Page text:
Securiti offers multi-cloud data protection, governance, and security, underpinned by machine learning capabilities for most of its modules, and boasts partnerships with Workday and Cisco.
The company recently debuted DataControls Cloud, offering a layer of unified data intelligence and controls across all major public clouds, data clouds, SaaS, and private clouds.
The e-discovery and information governance software company Exterro is focused on the legal challenges associated with IT and data, with a platform automating the interconnections of privacy, legal operations, digital investigations, cybersecurity response, compliance, and information governance.
“We see a lot of organizations thinking about privacy as having a basic privacy management software,” Iannopollo says. “Whenever I look at a vendor, the very first thing that I ask is always about the possibility to integrate their solutions with the rest of the organization.”
Options for Zero Privacy Expertise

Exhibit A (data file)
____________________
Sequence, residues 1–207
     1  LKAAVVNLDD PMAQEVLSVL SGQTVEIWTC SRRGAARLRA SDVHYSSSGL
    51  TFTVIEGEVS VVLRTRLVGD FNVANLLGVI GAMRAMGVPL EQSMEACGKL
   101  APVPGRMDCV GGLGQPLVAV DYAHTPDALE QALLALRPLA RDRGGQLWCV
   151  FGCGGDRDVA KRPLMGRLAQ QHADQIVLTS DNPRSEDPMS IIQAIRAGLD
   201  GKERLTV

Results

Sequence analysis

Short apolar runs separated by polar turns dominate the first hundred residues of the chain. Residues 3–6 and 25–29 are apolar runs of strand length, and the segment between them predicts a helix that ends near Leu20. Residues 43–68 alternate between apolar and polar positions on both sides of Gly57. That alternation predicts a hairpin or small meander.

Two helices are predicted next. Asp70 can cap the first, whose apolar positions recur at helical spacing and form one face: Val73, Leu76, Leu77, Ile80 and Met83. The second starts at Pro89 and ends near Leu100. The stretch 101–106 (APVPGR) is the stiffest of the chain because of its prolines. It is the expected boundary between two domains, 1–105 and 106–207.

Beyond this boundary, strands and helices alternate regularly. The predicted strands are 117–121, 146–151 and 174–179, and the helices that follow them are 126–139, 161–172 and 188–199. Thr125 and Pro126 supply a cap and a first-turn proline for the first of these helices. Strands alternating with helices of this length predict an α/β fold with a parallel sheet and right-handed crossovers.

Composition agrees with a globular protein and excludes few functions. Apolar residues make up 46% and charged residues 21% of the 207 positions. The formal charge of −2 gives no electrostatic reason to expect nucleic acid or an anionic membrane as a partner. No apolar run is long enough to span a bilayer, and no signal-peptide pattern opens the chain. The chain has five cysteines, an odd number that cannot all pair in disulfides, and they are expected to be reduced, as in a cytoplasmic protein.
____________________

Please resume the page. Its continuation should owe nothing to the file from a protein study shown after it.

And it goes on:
The up-and-coming Osano is aimed at organizations that must achieve compliance with privacy regulations but may have zero privacy expertise.
The offerings are not as sophisticated as some of the more established players -- only discovery of structured data is supported, for example -- but a streamlined approach and support for some third-party risk management could make it an attractive option for those who need help managing a privacy program.
From the perspective of both Iannopollo and Willemsen, the data privacy concern for organizations is complex and multi-faceted, overlapping not only with security but also content management and preference management.
“It's impossible, to be honest, that one single piece of technology is going to provide you with all that you need,” Iannopollo adds. “Privacy is how your organization operates with data, and it is everywhere. So, it's very unlikely even thinking that there is a single software that is going to provide you with all the governance you need around data.”
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About the Author(s)
Nathan Eddy is a freelance writer for InformationWeek. He has written for Popular Mechanics, Sales & Marketing Management Magazine, FierceMarkets, and CRN, among others. In 2012 he made his first documentary film, The Absent Column. He currently lives in Berlin.